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How can I clarify to my parents that I am normal?

Q: I am 16 years old and was diagnosed with bipolar disorder when I was a child. I had a very difficult childhood. I never quite got to be a teenager or was able to be a child. I have always made the right choices but some were not so smart. I always sit back and listen to what people like doctors and therapists have to say about me. My mother uses the fact that I have bipolar disorder to her full advantage. It may seem strange to say this but I feel like I am a 20 years old woman trapped in a 16 year olds body. For all my life I have been labelled with some disease or diagnosis. I have been compared to my father and sister and brother my whole life but no one has bothered to look at me - the person that my life has made me now. No one understands what its like to be me for a day or what its like to have my mind. I don’t feel like I have a disorder or disease, I just feel misunderstood. How do I explain myself? How can you explain a life of heartache, and pain and betrayal to a person? How do I explain that I am an independent and a person not an experiment? I would like to know if there is any sure way to see for myself if I do have bipolar disorder?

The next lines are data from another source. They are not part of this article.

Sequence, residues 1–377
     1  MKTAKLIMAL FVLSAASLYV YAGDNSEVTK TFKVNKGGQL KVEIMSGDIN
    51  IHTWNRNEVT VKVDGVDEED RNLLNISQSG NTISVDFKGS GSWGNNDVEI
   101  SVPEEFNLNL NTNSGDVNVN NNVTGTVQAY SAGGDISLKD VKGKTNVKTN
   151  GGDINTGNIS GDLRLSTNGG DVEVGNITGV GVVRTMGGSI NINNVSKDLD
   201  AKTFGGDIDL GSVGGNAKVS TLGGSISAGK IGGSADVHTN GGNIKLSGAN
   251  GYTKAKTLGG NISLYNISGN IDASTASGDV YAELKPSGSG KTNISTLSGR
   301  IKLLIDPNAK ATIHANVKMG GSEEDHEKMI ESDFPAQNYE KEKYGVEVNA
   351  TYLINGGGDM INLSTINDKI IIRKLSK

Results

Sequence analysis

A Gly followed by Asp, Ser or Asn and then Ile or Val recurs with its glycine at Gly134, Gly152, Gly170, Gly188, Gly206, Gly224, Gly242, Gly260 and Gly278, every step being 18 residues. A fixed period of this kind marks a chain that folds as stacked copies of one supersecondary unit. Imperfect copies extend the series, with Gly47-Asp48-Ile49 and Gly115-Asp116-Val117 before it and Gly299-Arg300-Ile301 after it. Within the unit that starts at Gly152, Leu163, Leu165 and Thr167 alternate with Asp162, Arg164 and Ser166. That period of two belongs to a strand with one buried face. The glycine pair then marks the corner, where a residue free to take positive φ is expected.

A:I understand and fully empathies your viewpoint. It is a universal understanding these days that we do not treat labels, but we treat the individual. Besides the symptom control of any psychiatric illness, lies the larger world view of making the individual functional as anyone else. In your specific case, you raise numerous issues: the doubt of the diagnosis, the issue of stigma, the complete management and support of you as an individual. The validity of any psychiatric diagnosis is based on collating the subjective experience with the objective behaviour as seen by significant others, looking into the clustering of symptoms, ruling out other causes which might cause similar symptoms. Thus we can have a cross-sectional diagnosis and a life-time diagnosis. While a cross-sectional diagnosis implies that it fitted best when there was an acute episode, there is nothing to suggest that an individual cannot and would not completely remit with respect to symptoms at a further point of time. The acute episode is obviously not occurring when the symptoms are under control completely. Stigma is again a universal phenomenon, and there are campaigns worldwide to deal with stigma. But, it starts with self and the family to be able to eradicate stigma and give the dignity to the individual to keep on carrying on with life with respect and self esteem. What is required is education for close family members regarding criticality and comparison and how it does not solve but creates more issues. It seems the best help you would be able to receive is from a Clinical Psychologist to deal with the ongoing conflict. And also if you tend to develop any symptoms at a later stage please visit a Psychiatrist, preferably where you can get admitted and your behaviour and mental state can be observed to rule out or confirm a particular diagnosis.


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